Even in female-heavy PR, gender-pay disparities stand out
After one woman spent four-and-a-half years as at a public relations agency, she decided to leave. This is partly because when the senior account director overheard her male co-department head on the phone speaking to a broker about an apartment, she learned that he was making $100,000 a year compared to her salary of $70,000.
“Literally 70 cents on the dollar, pretty insane right?” she said, on the condition of anonymity. “I hope that’s not the case across PR but women are definitely making less than men in every field.”
Turns out, it is. While the gender pay gap is prevalent across industry verticals, it’s particularly exaggerated in PR where it is especially egregious given that 61.3 percent of workers are women. And it’s not a question of being able to afford to pay more, either. For an industry where being a man puts you in the minority, there’s no shortage of them at the top.
Gender imbalance in leadership
Among the top 10 global PR firms in The Holmes Report, only Havas PR has a female CEO, Marian Salzman. (Ketchum appointed Barri Rafferty as the CEO of its North American operations.) As a female PR executive described, many big firms are centered around one or two men in top positions dealing with new businesses, while women support senior level client relations and handle the day-to-day communications work, said Leah Taylor, director of communications for digital design company InVision.
One major reason is that most often women are the ones who adjust their schedules and make compromises when family needs collide with work. Since PR is a deadline-based profession, lots of women struggle with working hours especially when they have children.
“At some point, women have to choose between being a caregiver and being a leader,” said Anne Green, president and CEO of PR firm CooperKatz & Company. “I think companies should show everyone by example – not just by policy – that you can choose your own life and you can lead.”
Interestingly, the gender imbalance in leadership seems to be more prevalent in New York. Barbara Bates, CEO of Silicon Valley PR agency Eastwick, said that she had never fully appreciated the gender gap in PR until she attended PR Week’s annual awards show in New York around four years ago. There, she observed that although a mere 200 out of over 1,000 attendees were men, they all represented senior leaderships at big agencies.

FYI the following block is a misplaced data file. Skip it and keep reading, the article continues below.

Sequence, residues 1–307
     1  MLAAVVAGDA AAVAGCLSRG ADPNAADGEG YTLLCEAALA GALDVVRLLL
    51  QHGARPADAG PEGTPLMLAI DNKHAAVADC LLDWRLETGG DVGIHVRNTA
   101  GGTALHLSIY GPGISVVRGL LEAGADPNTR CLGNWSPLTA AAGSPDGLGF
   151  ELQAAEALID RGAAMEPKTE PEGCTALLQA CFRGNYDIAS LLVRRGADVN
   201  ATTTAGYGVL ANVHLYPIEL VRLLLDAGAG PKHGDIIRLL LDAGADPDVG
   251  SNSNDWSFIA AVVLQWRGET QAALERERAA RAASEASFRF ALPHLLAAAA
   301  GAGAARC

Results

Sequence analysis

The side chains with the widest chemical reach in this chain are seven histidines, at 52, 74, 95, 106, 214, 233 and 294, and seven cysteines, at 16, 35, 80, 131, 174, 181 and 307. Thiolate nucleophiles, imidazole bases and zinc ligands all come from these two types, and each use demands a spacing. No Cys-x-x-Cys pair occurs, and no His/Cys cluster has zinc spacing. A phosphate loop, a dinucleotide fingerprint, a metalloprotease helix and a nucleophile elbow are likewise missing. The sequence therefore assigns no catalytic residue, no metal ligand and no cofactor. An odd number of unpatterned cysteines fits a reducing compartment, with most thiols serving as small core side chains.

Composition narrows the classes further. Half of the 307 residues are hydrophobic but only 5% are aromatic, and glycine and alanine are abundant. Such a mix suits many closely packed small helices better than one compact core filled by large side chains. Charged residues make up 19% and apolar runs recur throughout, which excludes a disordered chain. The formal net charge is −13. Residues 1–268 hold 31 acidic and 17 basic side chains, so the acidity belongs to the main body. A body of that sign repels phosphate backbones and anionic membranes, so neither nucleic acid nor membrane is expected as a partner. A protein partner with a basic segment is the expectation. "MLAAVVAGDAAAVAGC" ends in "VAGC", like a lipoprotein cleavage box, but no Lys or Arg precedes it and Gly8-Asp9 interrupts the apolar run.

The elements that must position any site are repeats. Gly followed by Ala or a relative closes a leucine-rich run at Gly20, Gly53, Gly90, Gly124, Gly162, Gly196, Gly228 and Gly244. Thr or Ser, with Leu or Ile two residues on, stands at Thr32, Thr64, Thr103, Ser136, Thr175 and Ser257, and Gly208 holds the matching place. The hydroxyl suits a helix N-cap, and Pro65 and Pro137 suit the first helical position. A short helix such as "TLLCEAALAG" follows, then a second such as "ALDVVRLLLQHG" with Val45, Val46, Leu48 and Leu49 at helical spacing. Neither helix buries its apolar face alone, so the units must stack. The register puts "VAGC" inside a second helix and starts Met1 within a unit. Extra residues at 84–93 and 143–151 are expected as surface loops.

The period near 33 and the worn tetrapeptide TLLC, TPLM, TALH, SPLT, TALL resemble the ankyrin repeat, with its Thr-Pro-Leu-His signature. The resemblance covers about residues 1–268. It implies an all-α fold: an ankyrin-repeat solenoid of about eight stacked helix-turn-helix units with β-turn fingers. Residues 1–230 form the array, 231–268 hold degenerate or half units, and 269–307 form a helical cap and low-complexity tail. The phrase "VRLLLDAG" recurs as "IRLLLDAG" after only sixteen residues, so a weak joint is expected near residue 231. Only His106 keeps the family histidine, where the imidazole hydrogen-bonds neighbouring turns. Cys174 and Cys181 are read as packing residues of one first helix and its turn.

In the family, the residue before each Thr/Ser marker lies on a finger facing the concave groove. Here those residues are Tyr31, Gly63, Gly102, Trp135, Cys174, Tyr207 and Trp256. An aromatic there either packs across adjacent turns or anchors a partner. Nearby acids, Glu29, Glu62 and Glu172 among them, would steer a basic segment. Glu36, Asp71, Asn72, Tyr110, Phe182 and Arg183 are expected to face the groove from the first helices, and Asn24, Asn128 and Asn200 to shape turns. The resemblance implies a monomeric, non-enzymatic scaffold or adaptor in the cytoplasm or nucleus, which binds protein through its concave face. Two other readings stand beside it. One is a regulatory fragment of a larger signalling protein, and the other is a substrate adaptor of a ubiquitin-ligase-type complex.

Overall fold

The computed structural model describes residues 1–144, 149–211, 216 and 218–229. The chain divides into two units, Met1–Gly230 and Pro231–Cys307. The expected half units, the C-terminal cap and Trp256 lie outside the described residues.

“When I attend [more] big PR industry events in New York City where larger firms are in full force, I understand where the issues lie,” said Bates. “The room is usually full of older white males in leadership positions and a lot of young women in the ranks. Larger firms have more entrenched biases and it’s hard to break those values. We have a long way to go.”
When men make up a greater share of leadership positions, they are likely to earn more money than women. PR Week’s 2016 Salary Survey shows a wage chasm between genders: Overall, male PR executives earn $125,000 a year compared to $80,000 for women.
A female CEO of a PR firm thinks that pay discrepancy could also result from specific differences in career trajectory. For example, men gravitate towards business and tech PR, which usually pays a bit higher than lifestyle PR. Meanwhile, women at larger firms tend to lean toward account management roles that focus more on strategy and client relations, while men tend to focus on roles in media relations. After all, press placements are still PR firms’ bread and butter.
Women can also be very shy or resistant to asking for pay raises, added Gretel Going, co-founder of Channel V Media. “This is definitely not true across the board but in general, we find ourselves having to prod [our female employees] to ask for more money,” said Going. “I’m not convinced that all agency owners voluntarily have the ‘It’s time for you to ask me for a raise’ conversation with their employees.”
Beyond wage disparity, Going thinks that sometimes gender bias comes out in subtle ways. When she tells people she owns a PR agency, the men typically respond by asking if she works out of her apartment.
“I don’t believe that these people mean to insult me. Rather, I see their question as a learned knee-jerk response,” said Going. “Ideally, we can introduce new knee-jerk responses, where a woman saying that she owns her own business conjures up more interesting and competent associations than someone working from her couch, possibly with a cat or two.”
A bright spot: More women are starting their own firms. Before Tiffany Guarnaccia founded Kite Hill PR and Communications Week, she served as senior director of communications at Huffington Post.
“I started a boutique PR agency because I witnessed the continued rise of specialist PR firms. And I was inspired by Arianna Huffington’s strong leadership and business acumen,” said Guarnaccia. “The presence of women in leadership roles can produce better business results for an agency.”
She continued that the gender pay gap and status quo of leadership will change — the industry will see more women rising in the ranks both in-house and at agencies, and will see more women asking for the salaries they deserve.
“In PR, more and more women want to create their own reality and set the tone from the top,” said CooperKatz & Company’s Green.
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